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Tamara Rusnak members feature 01

I wasn’t completely unfamiliar with the concept of a “bezoar” before I encountered it in the works of Tamara Rusnak (specifically in her installation / sculpture An Ecology of Feeling). It’s a powerful mythic “object” that is presumed to have the ability to cure any manner of ills when ingested. This would require a somewhat strong constitution, as these are (mostly organic) masses formed or trapped within the gastro intestinal system, usually the stomach. Their name derives from a Persian word for “antidote”. This essential contradiction (or amusing) mixture of humour and “grossness”, with the idea of digesting and expelling and absorbtion and reforming, permeates much of Tamara Rusnak’s work. Her sculptures and drawings act as metaphors for digestion and elimination, and how we “consume” our environments, and how sometimes they are good for us, and other times lead to less healthy, less positive, outcomes.

Rusnak has an MFA from the University of Regina, and is currently teaching at the University of Saskatchewan, specifically in the area of Art Education, but has also taught at the University of Regina.

I visited her studio recently, and found the “remnants” of works I was familiar with from the documentation of some of her past exhibitions (The Wayward Symbionts, at the Art Gallery of Regina, or The Untied Knot, at Neutral Ground), in the course of being reconfigured into newer pieces. The conversation we had encompassed her work going back several years, and roamed into metaphor, but several ideas recur in her work, as though she’s trying to get her artwork as exact as possible by fashioning it, digesting it and regenerating it.

Rusnak’s work is very process base, often very sensual, but not sanitized, and not privileging sight over the other senses. Drippy wax, messy paper maché, mixed with wool, sausage casings as guides – these are “messy” processes, and the works often have a scent in conjunction with a surface or texture that invites handling. Institutional issues are something we spoke about, as there are some things galleries won’t tolerate, both in terms of immersive or experimental work, or even in terms of allowing the gallery goer to handle and interact with the pieces in a way less “formal” than a gallery guide might approve of…

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The Untied Knot, 2012

 

 

There’s also an irreverence in how “no work generally survives but is re configured” into something “new”. It’s What’s On The Inside That Matters, from the Symbionts show, was described as being “skin like” or “hide like”, suggesting a former life, but also a new incarnation.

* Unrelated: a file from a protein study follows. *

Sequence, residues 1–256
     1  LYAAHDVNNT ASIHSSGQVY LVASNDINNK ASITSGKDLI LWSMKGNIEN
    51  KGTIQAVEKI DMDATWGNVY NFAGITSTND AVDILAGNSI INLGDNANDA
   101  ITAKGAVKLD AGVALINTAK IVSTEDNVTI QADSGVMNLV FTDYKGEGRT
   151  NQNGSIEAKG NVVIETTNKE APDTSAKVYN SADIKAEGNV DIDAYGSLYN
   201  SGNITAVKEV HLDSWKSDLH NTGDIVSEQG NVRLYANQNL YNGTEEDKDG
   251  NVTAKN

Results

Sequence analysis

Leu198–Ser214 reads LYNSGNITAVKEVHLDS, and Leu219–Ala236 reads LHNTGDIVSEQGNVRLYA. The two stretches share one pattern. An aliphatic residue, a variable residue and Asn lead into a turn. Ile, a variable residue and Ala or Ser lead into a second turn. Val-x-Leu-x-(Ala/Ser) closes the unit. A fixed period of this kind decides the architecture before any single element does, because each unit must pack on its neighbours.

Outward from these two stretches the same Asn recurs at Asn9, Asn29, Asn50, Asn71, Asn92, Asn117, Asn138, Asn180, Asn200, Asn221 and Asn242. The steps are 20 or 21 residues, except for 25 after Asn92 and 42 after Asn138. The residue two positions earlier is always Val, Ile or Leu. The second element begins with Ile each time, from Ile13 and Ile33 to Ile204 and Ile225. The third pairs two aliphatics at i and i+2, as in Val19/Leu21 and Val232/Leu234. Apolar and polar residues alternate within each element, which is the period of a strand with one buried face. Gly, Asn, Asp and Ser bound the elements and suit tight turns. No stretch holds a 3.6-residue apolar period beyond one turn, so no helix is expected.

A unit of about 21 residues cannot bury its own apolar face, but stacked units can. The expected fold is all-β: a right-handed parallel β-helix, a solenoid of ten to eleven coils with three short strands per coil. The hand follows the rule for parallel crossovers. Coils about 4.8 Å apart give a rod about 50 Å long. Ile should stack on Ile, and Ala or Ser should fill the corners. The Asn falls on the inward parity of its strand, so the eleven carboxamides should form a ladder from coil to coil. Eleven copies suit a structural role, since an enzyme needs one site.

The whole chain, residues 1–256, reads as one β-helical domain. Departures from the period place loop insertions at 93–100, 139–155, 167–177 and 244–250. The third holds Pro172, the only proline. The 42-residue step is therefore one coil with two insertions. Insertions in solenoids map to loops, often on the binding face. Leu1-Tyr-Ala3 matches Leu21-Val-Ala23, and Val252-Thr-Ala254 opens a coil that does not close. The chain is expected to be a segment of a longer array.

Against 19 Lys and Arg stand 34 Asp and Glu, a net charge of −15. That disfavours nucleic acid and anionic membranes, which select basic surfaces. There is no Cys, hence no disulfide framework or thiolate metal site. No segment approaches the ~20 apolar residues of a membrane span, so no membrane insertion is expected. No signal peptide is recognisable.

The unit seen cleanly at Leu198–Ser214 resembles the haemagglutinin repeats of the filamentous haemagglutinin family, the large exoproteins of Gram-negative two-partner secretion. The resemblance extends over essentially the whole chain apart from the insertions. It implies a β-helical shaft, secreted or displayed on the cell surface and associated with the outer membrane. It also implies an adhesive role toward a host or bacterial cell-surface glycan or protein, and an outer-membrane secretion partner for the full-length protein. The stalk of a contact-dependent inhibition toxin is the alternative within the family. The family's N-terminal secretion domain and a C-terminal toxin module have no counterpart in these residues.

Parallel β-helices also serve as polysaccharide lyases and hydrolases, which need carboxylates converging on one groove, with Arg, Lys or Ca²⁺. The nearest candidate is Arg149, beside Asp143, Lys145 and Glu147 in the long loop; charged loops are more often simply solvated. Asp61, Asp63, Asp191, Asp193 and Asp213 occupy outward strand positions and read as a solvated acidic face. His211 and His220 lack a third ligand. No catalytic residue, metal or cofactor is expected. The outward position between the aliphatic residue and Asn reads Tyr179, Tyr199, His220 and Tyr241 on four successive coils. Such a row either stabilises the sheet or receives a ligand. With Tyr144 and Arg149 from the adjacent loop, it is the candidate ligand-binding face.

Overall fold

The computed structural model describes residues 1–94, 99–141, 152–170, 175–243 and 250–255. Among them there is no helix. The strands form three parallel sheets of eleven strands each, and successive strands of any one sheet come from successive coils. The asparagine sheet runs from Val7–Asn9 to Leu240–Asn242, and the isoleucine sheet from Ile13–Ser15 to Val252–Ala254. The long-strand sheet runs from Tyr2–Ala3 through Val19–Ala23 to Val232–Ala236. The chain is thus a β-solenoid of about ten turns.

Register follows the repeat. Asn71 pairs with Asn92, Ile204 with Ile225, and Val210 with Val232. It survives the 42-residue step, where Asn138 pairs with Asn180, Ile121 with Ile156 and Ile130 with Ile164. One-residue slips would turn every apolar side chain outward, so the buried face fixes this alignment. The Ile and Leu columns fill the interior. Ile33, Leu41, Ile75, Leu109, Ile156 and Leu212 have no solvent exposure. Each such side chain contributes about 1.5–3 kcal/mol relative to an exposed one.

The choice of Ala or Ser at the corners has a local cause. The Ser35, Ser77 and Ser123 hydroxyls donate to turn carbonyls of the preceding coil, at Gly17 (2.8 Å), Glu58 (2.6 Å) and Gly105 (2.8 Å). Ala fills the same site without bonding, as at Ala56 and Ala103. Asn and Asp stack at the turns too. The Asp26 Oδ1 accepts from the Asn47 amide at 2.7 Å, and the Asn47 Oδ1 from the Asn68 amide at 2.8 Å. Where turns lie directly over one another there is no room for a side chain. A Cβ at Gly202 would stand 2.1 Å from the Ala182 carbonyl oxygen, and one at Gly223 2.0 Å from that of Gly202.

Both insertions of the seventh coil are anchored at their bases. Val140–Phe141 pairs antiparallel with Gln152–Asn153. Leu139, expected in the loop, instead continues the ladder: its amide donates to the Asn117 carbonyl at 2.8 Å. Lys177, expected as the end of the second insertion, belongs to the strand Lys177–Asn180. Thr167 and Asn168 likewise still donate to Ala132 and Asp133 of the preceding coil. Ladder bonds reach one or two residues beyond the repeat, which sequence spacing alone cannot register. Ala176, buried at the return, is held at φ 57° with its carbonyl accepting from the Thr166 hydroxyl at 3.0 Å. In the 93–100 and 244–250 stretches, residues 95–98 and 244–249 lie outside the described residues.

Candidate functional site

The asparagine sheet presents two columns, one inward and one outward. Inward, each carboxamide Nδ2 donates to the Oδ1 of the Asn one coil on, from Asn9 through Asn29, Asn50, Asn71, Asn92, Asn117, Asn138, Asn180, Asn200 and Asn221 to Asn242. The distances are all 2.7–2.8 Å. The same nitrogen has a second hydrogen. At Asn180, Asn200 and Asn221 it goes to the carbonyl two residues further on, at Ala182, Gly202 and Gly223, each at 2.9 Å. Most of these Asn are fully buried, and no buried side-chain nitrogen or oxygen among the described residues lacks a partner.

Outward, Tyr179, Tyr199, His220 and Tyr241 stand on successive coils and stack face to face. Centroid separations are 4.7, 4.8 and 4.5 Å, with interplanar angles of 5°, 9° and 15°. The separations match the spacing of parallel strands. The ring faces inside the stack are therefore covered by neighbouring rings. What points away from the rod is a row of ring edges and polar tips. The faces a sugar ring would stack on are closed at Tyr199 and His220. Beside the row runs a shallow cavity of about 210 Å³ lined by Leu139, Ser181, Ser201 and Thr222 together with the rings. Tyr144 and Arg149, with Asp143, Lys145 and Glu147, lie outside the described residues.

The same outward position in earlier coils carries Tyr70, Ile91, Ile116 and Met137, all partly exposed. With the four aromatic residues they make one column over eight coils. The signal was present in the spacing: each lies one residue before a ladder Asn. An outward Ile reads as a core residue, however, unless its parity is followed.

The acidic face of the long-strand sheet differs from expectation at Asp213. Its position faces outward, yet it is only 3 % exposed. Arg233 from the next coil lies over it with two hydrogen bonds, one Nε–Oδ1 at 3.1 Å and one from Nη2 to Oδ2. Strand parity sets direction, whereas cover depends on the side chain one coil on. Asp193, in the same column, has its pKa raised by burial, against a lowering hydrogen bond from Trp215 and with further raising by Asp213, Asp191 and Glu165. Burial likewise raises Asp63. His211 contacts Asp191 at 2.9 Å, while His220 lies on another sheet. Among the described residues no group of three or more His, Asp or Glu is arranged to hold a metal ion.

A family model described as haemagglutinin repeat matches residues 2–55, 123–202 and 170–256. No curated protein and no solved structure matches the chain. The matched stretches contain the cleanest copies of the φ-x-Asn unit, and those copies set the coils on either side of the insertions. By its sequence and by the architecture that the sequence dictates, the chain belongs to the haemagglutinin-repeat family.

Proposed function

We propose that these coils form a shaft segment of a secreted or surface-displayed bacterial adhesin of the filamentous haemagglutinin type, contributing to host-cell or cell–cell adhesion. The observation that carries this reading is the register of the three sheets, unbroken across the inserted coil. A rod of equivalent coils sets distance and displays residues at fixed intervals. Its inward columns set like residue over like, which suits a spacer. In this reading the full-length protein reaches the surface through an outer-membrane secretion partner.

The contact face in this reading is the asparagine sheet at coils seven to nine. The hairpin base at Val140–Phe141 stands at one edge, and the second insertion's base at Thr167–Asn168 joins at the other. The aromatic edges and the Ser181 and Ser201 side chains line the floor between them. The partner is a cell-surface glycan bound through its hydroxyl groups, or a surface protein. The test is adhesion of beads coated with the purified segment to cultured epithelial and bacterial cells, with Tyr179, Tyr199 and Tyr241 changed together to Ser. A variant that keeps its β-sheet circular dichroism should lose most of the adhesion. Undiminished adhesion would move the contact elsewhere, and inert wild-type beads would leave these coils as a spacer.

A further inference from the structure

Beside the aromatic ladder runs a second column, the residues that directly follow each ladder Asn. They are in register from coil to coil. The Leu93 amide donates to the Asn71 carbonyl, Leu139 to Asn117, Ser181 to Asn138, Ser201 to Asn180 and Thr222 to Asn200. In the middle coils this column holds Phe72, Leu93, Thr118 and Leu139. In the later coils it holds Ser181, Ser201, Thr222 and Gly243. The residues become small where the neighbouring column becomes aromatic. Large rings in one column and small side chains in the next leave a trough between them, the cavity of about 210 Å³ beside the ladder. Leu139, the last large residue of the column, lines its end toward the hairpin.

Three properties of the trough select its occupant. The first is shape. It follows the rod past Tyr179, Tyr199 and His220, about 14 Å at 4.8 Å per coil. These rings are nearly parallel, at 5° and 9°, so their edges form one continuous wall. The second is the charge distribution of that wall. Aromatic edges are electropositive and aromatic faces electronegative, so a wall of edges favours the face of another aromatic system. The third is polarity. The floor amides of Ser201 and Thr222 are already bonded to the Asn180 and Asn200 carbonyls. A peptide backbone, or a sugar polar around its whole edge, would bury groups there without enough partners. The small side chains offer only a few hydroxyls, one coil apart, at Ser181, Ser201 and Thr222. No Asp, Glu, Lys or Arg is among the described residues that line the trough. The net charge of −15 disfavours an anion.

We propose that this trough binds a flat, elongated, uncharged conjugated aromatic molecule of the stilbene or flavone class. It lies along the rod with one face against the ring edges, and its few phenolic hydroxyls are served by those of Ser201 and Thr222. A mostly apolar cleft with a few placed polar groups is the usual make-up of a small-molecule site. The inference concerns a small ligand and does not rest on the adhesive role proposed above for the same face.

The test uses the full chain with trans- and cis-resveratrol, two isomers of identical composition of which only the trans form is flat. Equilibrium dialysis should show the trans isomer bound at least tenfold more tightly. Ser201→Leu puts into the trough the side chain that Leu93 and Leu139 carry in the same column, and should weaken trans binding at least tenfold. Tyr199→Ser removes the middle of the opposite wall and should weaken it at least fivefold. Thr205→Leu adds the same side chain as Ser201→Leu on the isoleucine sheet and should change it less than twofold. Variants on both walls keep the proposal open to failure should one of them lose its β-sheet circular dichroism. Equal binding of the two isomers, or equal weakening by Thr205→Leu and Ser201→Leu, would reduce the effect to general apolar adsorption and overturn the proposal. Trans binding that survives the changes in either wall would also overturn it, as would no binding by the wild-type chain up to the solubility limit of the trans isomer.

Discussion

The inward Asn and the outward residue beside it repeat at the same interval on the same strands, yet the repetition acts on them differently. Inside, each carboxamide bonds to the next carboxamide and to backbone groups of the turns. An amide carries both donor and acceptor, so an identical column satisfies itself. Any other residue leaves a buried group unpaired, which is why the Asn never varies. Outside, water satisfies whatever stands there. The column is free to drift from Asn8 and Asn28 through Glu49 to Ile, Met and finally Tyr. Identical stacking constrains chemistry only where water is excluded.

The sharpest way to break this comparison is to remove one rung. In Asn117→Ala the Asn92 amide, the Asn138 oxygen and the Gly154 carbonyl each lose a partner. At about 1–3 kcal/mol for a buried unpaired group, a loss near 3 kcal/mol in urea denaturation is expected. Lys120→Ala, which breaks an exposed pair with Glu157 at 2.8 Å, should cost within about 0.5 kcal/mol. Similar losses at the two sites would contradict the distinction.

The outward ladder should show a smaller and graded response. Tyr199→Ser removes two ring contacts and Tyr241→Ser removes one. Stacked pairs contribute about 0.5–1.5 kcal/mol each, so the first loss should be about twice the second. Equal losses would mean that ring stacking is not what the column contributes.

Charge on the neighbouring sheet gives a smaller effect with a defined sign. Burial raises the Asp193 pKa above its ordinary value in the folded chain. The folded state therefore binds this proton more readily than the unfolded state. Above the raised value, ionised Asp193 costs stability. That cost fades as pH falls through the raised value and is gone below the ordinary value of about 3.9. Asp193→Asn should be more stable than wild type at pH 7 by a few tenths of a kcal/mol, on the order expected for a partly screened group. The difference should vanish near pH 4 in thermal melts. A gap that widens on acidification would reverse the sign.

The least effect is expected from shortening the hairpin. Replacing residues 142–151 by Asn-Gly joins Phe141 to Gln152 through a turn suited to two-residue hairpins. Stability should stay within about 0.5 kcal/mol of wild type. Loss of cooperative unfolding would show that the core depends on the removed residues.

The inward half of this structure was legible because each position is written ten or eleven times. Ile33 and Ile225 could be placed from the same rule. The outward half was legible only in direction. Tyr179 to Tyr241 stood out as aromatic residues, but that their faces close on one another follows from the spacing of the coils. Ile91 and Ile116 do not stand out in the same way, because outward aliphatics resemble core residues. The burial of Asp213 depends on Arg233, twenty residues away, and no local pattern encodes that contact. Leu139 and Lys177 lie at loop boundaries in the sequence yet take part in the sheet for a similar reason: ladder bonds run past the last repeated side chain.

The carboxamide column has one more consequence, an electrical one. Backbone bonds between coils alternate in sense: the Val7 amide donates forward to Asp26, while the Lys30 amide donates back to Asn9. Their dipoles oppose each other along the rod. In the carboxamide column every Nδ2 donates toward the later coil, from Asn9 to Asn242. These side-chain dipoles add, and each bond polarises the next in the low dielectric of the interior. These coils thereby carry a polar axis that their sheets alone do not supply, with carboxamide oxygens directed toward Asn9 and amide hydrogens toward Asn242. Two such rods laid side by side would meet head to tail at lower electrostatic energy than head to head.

The influence of Louise Bourgeios (who herself “cannibalized her work”) or Eva Hesse is unmistakable here, and in terms of contemporary artists whom she cites as points of interest, Beth Stuart’s sculptural pieces seem akin to Rusnak’s Enteral Reasoning, Visceral Leap or Percolator. The latter is a tall piece, with unsteady, skinny “legs”, and with a missphapen organic “head” with a single hole, that could be a maw, could be an eye, or could be a space for a small animal to make a nest or home.

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It’s what’s on the inside that matters, 2013

 

There is an implicit physicality to the works, as though they’re anatomical models (her drawing in Symbionts was huge, dwarfing the viewer, but turning the intestinal pathways into something large enough to “digest” the same). Tamara joked about the difficulty of pulling these things out of your head, but they look as though they may have been pulled from elsewhere, within and from the body.

Percolator, 2012

Percolator, 2012

Her “organic interiors”, as from the Untied Knot, are detritus of her exploration of her own experiences, sometimes touching upon ideas of depression, sometimes in how we interact with our environments both physical and psychological, and offering images and objects as potential outcomes. But I found that when I was in her studio, I wanted to touch everything, move among the pieces, handle the forms, smell all the materials and do all the things I’d never be allowed to do in a gallery space, and that pull, that corporeal appeal her works have for me, is the essential aspect of Tamara Rusnak’s work.

                                                                – Bart Gazzola

 

 

 


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